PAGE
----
The median sales price for single-family homes in San Francisco for May 2015 was $1,400,000. This represents an increase of 28.4%, or $309,500 compared to May 2014. Condos have seen a $185,000 increase in median sales price, or 19.7%, to $1,125,000 for the same period. Average days on market has remained very low with a further decrease crease from 26 to 23 days for single family homes; and a slight increase from 29 up to 32 days for condos. This isn’t surprising as the pressure of low inventory continues to have an impact on both sales price and time on market.
Speaking of inventory, there were 1,199 homes for sale (single-family and condos combined) during the month of May, which represents a decrease of 11.7% compared to the same month last year. Homes continue to sell quickly and often above asking price as well, with single family homes selling at 110% of original price and condos selling at 109.2% of original asking price.
For more details on your specific neighborhood, please contact SellingSF.
SF Real Estate May Numbers
Median Sales Price has seen significant increases year-over-year for both condos and single-family homes.
Average days on market peaked during the slower winter months, but has come back down to very low levels.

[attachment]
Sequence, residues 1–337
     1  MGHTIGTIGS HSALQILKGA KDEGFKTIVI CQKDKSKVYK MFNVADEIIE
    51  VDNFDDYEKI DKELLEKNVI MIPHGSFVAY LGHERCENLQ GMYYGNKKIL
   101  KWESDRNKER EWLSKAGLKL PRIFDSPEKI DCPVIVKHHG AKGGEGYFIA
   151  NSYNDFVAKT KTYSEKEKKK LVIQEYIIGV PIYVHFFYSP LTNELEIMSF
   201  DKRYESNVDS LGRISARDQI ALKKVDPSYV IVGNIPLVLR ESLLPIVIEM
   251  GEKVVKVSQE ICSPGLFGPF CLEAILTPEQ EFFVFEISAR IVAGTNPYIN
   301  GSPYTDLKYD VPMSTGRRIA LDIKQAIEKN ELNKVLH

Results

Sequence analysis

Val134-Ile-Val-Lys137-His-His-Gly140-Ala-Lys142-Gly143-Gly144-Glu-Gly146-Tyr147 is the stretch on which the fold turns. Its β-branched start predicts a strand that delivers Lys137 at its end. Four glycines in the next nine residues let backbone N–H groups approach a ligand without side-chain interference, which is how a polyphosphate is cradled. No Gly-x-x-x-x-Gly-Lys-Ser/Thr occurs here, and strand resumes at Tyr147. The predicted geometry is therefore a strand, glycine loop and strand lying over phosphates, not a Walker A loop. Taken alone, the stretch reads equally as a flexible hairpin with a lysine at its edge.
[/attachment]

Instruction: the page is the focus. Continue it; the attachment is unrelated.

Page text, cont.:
The above chart combines single-family homes, condos, co-ops, lofts and TIC units.
Months Supply of Inventory (MSI) is a measure of the number of months it would take the current inventory of available homes to sell out given the current rate of sale. This metric is often impacted by low inventory.
This chart shows the sales price as a percentage of the original asking price. It does not include properties that underwent one or more price reductions.
Sales have picked up a bit for Spring after the slower winter months.
Prices vary widely across the City. Most districts have seen a year-over-year increase comparing May 2015 to May 2014.
District Definitions: 1: Jordan Park/Laurel Heights, Lone Mountain, Lake Street, Sea Cliff and all Richmond. 2: All Sunset, all Parkside and Golden Gate Heights. 3: Stonestown, Pine Lake Park, Merced Manor, Ingleside Heights, Oceanview. 4: Sunnyside, Miraloma Park, St. Francis Wood, West Portal, Diamond Heights. 5: Noe Valley, Glen Park, Eureka Valley/Dolores Heights, Haight Ashbury, Mission Dolores. 6: Lower Pacific Heights, Western Addition, Hayes Valley, NOPA, Alamo Square. 7: Marina, Cow Hollow, Pacific Heights, Presidio Heights. 8: Van Ness/Civic Center, FiDi, Nob Hill, Russian Hill, North Beach. 9: SOMA, South Beach, Potrero, Bernal, Inner Mission. 10: Bayview, Portola, Excelsior, Crocker Amazon, Silver Terrace.
The San Francisco real estate market is highly nuanced. There is wide variance in median price, time on market and inventory from neighborhood to neighborhood. Further than that, some neighborhoods even have varying levels of demand and buyer-interest based on micro-hoods, which can just be a few blocks apart. To get a thorough analysis of what’s happening in your neighborhood and how it impacts your own property’s value, please contact SellingSF.